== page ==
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euros

Eurozone growth: Some hopeful signs

After last week’s poor flash PMIs, data published this week show a mixed picture. The European Commission’s Economic Sentiment Index continues to decline in a large number of countries and for the eurozone as a whole as well. IFO data for Germany show an improvement in the overall climate though manufacturing continues to go down. INSEE data for France show a stabilisation or even some modest improvement. All in all there are some hopeful signs but it would be premature to conclude that the growth slowdown is about to end. April data will be particularly important

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Fed

US: Discomforting dots

The growth projections of the FOMC members have been revised downwards and the unemployment projection has seen an upward revision. The projections for the federal funds rate (the “dots”) have dropped 50 basis points. The Fed chairman considers the outlook to remain favourable, adding that it is a great time to be patient. Markets are less upbeat. They interpret patience as an underlying concern about downside risks and price a rate cut in the course of next year. We expect the policy rate to stay at its current level, this year and next.

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yuan

China: towards a stabilisation of growth? Not yet.

The plethora of data released this week didn’t remove concern about the Chinese growth slowdown. Lunar holiday bias and the recent fiscal stimulus measures imply it is too early to draw firm conclusions. The matter is important for the global economy given China’s weight. It is also important for key exporters to China such as Germany. Against this background, reaching a trade agreement with the US becomes key.

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graphique economie

Sentiment measures offer mixed picture

The latest survey data show a very mixed picture. In the manufacturing sector, China saw some signs of stabilisation, whereas Japan experienced a deterioration. In Germany, manufacturing remains under pressure. The picture in the eurozone is quite diverse, depending on the country and the sector.Looking at the broadest survey indicator for the eurozone, one observes a stabilisation. Whether this will be confirmed depends to a large degree on developments in China and on the well-known sources of uncertainty (trade, Brexit).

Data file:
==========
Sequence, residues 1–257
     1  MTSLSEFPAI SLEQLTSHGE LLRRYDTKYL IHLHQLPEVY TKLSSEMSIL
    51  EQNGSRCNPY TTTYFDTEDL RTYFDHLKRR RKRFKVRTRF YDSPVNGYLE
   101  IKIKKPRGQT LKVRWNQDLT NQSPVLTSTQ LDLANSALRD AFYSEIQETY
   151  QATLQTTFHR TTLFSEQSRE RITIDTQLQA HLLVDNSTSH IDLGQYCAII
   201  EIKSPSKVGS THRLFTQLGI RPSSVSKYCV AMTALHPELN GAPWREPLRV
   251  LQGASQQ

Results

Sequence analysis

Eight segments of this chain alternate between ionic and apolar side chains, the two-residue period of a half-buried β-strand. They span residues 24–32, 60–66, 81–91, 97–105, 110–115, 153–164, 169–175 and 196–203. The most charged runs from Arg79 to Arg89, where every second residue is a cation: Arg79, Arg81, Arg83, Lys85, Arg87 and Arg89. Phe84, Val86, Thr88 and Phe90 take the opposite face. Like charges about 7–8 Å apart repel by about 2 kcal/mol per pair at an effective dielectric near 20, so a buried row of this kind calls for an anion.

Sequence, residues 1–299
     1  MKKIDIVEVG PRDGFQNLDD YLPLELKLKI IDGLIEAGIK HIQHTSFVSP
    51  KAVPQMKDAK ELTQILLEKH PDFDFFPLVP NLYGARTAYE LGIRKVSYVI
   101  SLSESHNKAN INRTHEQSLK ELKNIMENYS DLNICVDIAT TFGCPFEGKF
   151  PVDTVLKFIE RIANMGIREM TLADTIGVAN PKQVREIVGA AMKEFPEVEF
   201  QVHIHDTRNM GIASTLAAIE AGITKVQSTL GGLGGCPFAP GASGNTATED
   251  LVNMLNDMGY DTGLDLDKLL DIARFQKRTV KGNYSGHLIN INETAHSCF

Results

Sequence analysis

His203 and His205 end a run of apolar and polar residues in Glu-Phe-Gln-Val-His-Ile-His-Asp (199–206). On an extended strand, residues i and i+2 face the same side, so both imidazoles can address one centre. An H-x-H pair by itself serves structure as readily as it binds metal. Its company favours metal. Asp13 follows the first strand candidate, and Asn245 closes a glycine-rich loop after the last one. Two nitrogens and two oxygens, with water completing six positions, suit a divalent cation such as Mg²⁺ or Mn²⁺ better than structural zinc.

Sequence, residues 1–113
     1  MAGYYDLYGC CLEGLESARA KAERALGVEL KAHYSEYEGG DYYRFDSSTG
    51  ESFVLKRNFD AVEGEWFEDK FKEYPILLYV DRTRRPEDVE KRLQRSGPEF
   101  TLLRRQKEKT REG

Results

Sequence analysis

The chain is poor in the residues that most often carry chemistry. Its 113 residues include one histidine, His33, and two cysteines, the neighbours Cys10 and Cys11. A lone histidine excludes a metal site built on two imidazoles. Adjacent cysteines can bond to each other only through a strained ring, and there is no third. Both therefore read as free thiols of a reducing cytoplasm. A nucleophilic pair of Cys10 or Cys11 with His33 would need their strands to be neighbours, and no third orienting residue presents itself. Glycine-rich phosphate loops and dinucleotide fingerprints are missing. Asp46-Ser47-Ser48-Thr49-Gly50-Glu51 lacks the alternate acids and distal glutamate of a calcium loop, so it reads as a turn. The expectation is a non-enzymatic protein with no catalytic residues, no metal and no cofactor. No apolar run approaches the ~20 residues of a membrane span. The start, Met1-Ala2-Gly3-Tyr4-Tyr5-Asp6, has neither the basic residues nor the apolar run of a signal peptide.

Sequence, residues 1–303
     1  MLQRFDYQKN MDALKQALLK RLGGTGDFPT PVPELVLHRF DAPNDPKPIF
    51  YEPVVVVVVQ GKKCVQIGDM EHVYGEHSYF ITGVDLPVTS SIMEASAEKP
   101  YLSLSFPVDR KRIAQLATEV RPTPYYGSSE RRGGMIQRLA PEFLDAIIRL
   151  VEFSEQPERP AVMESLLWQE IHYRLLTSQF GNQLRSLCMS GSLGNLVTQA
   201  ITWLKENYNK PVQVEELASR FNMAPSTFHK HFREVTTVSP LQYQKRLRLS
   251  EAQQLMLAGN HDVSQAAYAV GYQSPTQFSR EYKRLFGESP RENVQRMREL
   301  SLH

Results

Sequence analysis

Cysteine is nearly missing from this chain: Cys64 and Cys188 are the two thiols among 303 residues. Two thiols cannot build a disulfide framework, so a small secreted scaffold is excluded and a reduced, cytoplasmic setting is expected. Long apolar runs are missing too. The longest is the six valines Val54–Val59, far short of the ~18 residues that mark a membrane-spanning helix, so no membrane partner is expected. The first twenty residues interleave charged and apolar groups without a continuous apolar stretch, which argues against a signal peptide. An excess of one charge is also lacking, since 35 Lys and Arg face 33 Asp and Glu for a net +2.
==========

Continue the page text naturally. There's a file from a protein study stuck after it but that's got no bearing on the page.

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chinese dragoon

Europe: China exposure and export sentiment

Considering its considerable weight in world GDP, slower growth in China causes spillover effects. Over the past 12 months, countries which are more exposed to China in terms of exports have seen a bigger drop in their new export order assessment. In Germany there is a close correlation between the Chinese purchasing managers index and the assessment of exports in the PMI. This shows that Germany and, by extension, Europe as a whole should hope that recent Chinese growth support measures will be successful.

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global trade

Foreign versus domestic drivers of weaker sentiment

Since early 2018, based on the purchasing manager indices, a large number of countries have witnessed a decline in the assessment of new export orders which was bigger than the decline of the general climate in manufacturing. This suggests a dominance of foreign demand shocks, rather than domestic shocks, in explaining slower overall growth. The drop in new export orders echoes the significant slowdown in world trade growth. This is probably related to slower Chinese growth and, in many countries, slower growth in capital expenditures, which have a higher import content than consumption. Trade-related uncertainty may also play a role.

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vague

The risk of drowning in a wave of sentiment

Business confidence surveys play a key role in economic analysis. They measure the “waves of sentiment” on which economic players use to surf. But when will we reach the trough of the wave that just peaked about 12 months ago ?

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euro

Eurozone: what does weakening sentiment tell us about growth?

The European Commission now expects 1.3% growth for the eurozone this year, down from 1.9% in its previous forecast. This downward adjustment doesn’t come as a surprise, considering the declining trend of several survey indicators. The recent performance of these indicators in tracking GDP growth is mixed, which makes the assessment of the current growth momentum challenging.